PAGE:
OUR TOWN c. 1850 - 2000


Maintaining the town's tangled web of ownership and leasing, the original house here was occupied in 1851 by Mrs Anne Cowan who we've already met as the Lessor of No. 10. Now her immediate lessor was William Graves, no doubt related to the Robert Graves mentioned in connection with No. 13 and possibly (thanks to another typo?) the Robert Greaves Esquire who lived in Rockview. This house, still standing on top of the hill on the Mountrath Road, is said to be the only house in the town from which the Rock of Dunamaise is visible.

Anyway, Mrs Cowan continued to live here until the early 1880's when she was briefly succeeded by Anne O'Rourke and then, from the mid 1880's, Thomas Malone, a native of King's County (Offaly), Shopkeeper and Publican and his wife Mary. On the night of the 1901 Census, the household included their four young children, a female servant and a boarder from County Cork described as a 'Traveller'. Like his near neighbour Charles McDermott, Thomas Malone also 'went for' the Urban District Council in 1899 and wasn't elected.

As was common throughout the town at the time, there were stables at the rere of the premises and one of my informants recalled how the dray horses - hauling barrels of ale from Perry's in Rathdowney - used to rest overnight here. Another informant remembered Tommy 'The Pooka' Dunne, who was a bottler here. (In former times, barrels of stout and ale were delivered to publicans who then bottled it and had their own names printed on the brewers' labels). After emigrating to Taunton in Somerset, where he worked for a cider company, 'The Pooka' became obsessed with Cricket; so much so that he followed the English team to places as far away as Australia and the West Indies.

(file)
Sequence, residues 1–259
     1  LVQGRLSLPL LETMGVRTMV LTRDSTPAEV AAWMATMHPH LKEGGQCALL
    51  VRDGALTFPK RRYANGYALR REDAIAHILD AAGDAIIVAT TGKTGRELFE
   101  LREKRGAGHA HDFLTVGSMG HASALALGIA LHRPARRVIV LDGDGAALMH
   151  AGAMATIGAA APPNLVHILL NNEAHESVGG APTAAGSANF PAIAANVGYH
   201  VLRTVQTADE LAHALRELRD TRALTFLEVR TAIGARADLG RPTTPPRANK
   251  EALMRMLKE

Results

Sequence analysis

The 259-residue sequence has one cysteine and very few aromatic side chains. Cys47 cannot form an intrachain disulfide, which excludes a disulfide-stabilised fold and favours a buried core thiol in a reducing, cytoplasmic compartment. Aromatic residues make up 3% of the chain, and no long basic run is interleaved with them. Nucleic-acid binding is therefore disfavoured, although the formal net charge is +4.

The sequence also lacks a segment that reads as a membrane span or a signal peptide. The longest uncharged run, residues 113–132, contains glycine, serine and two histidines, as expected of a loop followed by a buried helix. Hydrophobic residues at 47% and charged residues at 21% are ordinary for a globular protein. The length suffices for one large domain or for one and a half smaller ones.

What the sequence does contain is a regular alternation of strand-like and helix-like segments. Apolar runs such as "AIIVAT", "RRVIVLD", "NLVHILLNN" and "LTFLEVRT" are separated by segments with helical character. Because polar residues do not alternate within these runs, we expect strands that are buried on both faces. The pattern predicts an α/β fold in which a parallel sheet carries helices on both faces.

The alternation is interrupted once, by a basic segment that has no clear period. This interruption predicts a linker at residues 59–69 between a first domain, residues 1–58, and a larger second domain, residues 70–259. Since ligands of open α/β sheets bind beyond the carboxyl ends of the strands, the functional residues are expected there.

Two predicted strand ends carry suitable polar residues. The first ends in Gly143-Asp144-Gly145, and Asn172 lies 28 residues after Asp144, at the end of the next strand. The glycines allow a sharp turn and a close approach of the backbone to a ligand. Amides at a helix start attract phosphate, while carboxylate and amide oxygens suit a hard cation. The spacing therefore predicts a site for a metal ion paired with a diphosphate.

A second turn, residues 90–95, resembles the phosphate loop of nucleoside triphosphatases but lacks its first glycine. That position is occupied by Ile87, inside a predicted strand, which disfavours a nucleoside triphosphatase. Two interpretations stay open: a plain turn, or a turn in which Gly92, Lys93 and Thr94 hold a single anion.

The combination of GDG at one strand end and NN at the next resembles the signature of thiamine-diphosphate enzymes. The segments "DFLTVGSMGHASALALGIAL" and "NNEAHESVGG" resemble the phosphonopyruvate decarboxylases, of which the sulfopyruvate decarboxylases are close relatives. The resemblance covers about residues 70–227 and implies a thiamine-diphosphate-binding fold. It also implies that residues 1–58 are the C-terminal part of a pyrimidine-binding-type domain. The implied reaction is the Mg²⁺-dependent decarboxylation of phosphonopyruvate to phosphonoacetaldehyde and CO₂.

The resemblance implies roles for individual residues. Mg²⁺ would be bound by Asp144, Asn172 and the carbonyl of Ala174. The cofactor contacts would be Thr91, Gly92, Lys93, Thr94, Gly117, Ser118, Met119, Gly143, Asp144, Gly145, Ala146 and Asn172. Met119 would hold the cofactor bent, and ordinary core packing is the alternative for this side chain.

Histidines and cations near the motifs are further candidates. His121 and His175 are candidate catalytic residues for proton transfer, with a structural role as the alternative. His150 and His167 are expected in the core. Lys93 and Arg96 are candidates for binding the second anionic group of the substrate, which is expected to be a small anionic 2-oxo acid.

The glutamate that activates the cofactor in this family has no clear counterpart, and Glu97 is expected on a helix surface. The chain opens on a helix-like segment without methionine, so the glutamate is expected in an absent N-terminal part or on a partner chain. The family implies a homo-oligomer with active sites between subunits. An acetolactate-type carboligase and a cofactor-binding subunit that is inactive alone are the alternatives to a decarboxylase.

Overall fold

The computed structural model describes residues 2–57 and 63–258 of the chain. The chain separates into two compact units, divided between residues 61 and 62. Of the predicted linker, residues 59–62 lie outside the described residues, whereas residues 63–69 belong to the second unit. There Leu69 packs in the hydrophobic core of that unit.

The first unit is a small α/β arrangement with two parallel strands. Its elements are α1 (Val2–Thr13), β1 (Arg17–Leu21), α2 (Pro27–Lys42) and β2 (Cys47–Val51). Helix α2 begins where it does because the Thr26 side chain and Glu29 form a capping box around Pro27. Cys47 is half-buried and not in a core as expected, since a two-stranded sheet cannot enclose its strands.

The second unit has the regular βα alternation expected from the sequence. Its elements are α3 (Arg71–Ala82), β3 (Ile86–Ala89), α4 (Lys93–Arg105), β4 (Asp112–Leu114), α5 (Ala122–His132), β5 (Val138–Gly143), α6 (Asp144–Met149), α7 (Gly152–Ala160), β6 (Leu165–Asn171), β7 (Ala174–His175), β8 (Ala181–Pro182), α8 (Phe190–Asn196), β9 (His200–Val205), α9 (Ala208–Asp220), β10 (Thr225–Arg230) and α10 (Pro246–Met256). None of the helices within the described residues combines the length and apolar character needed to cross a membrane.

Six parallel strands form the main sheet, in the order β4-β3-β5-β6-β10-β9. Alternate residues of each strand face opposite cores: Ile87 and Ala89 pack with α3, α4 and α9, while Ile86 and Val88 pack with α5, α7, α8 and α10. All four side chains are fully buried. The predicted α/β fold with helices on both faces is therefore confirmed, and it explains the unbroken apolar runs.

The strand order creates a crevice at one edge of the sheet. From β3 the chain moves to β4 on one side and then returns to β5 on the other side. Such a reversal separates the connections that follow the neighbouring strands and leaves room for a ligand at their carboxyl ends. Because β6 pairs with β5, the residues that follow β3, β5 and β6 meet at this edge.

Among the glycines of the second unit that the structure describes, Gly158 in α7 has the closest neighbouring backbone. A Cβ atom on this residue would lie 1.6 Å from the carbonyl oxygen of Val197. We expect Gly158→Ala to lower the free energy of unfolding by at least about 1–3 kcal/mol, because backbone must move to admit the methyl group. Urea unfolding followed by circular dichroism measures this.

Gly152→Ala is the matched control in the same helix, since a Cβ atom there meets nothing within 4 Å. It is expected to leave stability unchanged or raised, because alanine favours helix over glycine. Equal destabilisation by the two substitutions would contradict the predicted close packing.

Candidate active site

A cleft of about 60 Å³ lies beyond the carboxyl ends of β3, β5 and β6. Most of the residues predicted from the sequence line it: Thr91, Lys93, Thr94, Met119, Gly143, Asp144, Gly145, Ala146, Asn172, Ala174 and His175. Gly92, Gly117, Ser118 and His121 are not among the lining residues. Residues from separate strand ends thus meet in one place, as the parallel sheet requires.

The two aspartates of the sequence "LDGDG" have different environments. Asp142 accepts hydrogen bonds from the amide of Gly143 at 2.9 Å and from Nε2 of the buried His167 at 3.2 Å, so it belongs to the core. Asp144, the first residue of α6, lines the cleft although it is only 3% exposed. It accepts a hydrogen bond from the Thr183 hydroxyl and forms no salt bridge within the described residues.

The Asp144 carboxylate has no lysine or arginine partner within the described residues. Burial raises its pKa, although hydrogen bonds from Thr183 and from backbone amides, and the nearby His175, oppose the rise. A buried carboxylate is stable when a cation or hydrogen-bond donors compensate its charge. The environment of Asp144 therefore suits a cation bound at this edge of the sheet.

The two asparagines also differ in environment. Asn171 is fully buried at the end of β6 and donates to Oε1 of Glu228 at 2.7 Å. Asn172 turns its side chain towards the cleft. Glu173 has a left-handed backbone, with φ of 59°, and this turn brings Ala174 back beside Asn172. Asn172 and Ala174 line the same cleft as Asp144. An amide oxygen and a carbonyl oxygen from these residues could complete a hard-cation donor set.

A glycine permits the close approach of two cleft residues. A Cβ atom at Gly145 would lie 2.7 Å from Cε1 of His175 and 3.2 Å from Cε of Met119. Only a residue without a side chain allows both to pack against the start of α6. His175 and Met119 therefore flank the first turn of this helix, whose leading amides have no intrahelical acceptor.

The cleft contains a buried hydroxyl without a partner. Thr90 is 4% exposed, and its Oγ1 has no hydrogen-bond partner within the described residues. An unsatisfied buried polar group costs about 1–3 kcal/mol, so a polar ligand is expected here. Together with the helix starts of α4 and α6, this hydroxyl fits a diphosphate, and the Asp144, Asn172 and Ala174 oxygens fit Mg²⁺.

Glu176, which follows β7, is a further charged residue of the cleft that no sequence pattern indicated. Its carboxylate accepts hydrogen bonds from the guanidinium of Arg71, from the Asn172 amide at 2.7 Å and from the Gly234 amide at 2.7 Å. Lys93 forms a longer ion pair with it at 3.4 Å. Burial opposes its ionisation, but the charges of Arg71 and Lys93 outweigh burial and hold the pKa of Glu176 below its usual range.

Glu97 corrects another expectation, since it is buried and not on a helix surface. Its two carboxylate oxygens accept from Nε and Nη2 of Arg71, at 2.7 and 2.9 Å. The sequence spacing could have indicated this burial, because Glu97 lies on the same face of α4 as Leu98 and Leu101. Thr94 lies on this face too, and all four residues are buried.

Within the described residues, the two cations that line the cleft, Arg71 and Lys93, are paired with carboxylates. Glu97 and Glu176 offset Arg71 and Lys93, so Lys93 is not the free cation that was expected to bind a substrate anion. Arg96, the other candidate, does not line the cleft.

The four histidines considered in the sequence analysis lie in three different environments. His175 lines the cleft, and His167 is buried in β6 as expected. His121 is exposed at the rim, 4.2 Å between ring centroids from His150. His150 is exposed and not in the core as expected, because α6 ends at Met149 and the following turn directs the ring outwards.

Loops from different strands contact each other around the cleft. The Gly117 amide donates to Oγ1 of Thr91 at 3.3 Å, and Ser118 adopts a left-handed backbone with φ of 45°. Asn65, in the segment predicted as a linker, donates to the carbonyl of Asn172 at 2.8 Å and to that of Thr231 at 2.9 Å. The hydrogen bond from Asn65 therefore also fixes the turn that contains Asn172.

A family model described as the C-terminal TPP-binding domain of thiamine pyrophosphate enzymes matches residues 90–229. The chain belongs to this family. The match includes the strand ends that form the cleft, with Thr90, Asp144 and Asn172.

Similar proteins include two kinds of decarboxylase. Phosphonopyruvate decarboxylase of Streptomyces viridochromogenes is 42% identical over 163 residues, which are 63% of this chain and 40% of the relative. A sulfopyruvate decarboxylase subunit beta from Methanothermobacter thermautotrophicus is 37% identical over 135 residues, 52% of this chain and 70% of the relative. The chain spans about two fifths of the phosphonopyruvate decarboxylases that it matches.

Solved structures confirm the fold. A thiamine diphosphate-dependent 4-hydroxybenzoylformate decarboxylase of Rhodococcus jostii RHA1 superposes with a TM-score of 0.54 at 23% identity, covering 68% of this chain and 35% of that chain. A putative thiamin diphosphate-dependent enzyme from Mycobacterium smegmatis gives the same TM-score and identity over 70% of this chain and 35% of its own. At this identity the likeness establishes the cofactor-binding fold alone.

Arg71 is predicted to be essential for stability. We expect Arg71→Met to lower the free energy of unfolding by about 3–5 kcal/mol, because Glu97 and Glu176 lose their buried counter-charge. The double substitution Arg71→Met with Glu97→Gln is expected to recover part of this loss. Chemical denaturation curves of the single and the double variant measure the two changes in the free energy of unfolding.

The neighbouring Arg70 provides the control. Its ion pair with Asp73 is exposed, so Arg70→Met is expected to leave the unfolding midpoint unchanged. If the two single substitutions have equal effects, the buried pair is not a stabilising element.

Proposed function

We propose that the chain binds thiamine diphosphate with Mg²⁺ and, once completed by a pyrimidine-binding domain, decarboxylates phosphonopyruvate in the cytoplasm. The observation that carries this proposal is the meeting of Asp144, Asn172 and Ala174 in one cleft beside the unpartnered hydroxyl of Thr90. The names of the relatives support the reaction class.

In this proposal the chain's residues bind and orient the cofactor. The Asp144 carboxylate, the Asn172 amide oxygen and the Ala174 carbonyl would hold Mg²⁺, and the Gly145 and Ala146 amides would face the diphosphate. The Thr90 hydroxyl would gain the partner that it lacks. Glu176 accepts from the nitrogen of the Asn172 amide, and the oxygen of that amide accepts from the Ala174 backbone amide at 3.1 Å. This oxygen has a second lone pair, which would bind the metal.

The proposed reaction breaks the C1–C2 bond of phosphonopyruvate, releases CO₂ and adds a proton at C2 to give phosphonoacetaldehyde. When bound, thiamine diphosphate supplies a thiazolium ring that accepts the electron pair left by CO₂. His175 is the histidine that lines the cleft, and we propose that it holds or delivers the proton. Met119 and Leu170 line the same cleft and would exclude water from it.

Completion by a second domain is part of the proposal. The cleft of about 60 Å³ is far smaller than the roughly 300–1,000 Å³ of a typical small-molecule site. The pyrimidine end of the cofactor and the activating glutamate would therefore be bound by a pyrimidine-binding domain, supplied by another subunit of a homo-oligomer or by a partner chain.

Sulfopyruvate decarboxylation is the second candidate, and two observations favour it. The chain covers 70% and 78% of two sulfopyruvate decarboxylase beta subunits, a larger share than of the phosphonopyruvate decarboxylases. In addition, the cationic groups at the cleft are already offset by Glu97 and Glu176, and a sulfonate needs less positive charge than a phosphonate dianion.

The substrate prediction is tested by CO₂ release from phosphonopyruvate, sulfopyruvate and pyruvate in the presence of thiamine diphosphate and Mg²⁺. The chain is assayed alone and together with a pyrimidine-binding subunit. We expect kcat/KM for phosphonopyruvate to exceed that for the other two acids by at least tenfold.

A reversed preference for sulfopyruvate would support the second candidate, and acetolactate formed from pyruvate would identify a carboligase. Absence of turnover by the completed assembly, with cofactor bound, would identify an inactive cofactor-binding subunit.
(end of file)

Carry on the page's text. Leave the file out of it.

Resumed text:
Mountrath native, Edward McKenna emigrated to America where he was involved in promoting the Irish Hospitals' Sweepstake ('The Irish Sweeps'). In the late 1940's, he returned to Ireland to live in Castletown and open The American Bar in the above premises. He was also a director of Fleming's Fireclays in The Swan, a small village in the South-East corner of Laois. What connected his two business interests, incidentally, was his friendship with P.J Fleming and Joseph McGrath - founder of the Irish Hospitals' Sweepstake in 1930 - during the so-called Troubles of the 1920's. In 1954, 'The American' was acquired by brothers Joe and Robert Delaney who continued the public house and also opened a butcher's shop. The former invited us all to Bring your friends for happy reunion to the modern lounge: the latter offered us Fresh Poultry Daily.

June 2014: The Welcome Inn is still going strong. Robert Delaney's became, for a short while, the Market Stand (Newsagent and Delicatessen) and, for the past decade, Mezza Pizza (which, as previously mentioned, moved here from No. 45, Main Street).